The team from the University of Kentucky won the Fluke Connect Student Contest, which tested the skills, innovation and business application of student teams enrolled in two- and four-year colleges, universities, trade/tech schools and apprenticeship programs.
Fluke Connect is a free smartphone app for both the Apple and Google app stores that works with over 20 different Fluke test tools and allows users to identify and diagnose problems quickly and confidently, while securely sharing data whenever and with whom they want.
University of Kentucky students Joshua Morgan, Daniel Cambron, John Broadbent, Zach Reeder and Chris Heintz, and advisor Matthew Morgan, designed a project that conducted live testing of performance parameters on a solar car. Their objective was to increase the efficiency of the solar car vehicle by at least 10% percent, while saving time by quickly finding and minimizing inefficient components. Using Fluke Connect, they saw a 16% decrease in idle energy consumption and 5.5% increase in dynamic energy efficiency.
“The projects produced by the University of Kentucky Solar Car team and the other finalists showcase how the next generation of engineers and technicians will take measurements, and share and transfer data amongst their team members—a key reason for the development for Fluke Connect,” said Salvatore Paralatore, vice president of global marketing for Fluke Corp. “We look forward to hosting the University of Kentucky team at Fluke Park and using the feedback and learning from all the team projects in the continued development of the Fluke Connect App and tools.”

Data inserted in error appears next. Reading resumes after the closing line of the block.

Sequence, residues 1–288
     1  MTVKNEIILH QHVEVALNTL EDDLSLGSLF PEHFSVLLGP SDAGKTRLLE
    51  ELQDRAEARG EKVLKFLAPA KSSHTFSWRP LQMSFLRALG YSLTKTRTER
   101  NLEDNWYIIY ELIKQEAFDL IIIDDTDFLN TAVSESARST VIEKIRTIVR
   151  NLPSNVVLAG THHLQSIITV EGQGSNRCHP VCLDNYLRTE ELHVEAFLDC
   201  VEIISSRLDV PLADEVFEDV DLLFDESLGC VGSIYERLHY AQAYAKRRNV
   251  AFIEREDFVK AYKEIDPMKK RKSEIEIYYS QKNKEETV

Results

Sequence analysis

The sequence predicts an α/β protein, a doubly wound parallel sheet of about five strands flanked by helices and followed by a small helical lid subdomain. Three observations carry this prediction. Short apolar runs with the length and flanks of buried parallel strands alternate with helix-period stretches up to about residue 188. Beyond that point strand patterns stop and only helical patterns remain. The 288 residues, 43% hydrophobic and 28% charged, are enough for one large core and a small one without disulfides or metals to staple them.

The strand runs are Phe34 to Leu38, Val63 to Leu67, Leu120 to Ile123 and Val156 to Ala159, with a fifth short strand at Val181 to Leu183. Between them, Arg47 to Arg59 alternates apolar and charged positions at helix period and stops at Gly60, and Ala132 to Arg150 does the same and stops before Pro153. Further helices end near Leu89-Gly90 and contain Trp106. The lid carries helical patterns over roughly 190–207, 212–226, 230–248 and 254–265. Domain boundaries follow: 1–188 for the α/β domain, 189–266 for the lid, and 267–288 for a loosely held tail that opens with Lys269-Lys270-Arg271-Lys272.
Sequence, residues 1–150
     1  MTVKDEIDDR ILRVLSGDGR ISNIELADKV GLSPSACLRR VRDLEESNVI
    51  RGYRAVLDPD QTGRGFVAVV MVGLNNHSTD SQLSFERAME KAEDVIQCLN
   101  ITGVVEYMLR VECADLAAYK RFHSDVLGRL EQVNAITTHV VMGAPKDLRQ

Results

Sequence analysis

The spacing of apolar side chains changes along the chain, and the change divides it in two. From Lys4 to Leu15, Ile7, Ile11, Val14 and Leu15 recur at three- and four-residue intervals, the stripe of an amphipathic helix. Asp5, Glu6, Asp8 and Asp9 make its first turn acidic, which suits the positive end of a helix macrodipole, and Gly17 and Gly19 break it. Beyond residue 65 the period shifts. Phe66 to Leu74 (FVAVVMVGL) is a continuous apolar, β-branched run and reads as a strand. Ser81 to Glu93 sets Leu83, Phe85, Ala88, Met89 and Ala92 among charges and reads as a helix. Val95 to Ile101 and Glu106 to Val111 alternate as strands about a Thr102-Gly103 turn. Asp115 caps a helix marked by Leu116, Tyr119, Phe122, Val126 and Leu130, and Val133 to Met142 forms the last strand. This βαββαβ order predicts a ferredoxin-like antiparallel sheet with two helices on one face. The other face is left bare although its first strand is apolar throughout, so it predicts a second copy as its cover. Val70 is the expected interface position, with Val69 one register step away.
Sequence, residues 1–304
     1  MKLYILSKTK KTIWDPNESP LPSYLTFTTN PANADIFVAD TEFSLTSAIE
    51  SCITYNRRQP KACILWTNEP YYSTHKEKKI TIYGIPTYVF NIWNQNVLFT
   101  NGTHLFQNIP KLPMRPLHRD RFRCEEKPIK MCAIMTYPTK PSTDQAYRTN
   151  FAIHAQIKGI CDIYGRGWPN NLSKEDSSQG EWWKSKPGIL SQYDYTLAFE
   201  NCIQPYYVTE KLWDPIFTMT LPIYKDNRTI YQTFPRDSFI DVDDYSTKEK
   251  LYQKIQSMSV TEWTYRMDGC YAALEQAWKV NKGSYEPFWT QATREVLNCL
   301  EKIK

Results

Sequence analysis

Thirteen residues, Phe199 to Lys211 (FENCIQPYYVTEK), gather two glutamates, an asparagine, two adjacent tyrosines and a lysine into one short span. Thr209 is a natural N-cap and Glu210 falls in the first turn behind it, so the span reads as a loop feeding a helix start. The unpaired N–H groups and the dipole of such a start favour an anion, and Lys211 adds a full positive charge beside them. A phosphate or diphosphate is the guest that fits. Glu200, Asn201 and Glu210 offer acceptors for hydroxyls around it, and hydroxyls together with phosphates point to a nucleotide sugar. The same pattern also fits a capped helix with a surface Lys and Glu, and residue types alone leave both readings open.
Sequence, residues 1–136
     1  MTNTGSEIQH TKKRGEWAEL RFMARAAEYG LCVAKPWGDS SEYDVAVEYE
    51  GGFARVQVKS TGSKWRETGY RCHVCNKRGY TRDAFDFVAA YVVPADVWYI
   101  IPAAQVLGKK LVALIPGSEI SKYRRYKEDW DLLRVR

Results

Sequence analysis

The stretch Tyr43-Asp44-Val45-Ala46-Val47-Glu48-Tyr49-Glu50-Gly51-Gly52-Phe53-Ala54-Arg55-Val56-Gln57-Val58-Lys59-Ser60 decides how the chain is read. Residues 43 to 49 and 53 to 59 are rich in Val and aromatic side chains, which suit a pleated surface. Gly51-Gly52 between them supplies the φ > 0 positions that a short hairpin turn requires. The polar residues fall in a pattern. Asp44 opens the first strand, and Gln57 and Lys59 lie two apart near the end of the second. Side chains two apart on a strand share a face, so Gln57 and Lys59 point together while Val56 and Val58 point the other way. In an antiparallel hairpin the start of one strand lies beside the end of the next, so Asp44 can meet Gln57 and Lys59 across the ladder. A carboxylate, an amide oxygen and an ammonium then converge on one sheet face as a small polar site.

The other four finalists were teams from Brigham Young University, California Polytechnic State University, San Jacinto College North and Western Iowa Technical Community College.
The Brigham Young team worked on live testing of the temperature on friction bit joint welds; California Polytechnic’s team conducted a commercial energy audit; the San Jacinto team worked on improving the efficiency of charging AC systems; and the Western Iowa team worked on troubleshooting intermittent electrical issues in wind turbines.
“We wanted students—the future professionals in their industries—to demonstrate what process improvements they could achieve by capturing and sharing data wirelessly amongst all their team members. All five finalist teams showed ingenuity in their projects, with the University of Kentucky standing out because of its team collaboration and ability to demonstrate very specific performance improvements in the solar car,” said Paralatore.
The University of Kentucky team and its adviser receive a paid trip to Fluke headquarters in north Seattle in March to spend a day meeting with Fluke executive and engineering leadership, tour Fluke engineering and manufacturing, and see the Boeing manufacturing facility and Future of Flight Aviation Center next door. The school’s department receives $1,000 worth of Fluke tools, and the Fluke Connect tools used in the contest submission, worth approximately $2,500.
The winners of the Fluke Connect Student Contest were determined by which team made the biggest impact using the Fluke Connect system, with 75% of the decision based on the evaluation by the panel of six industry judges and 25% on the public vote on Facebook.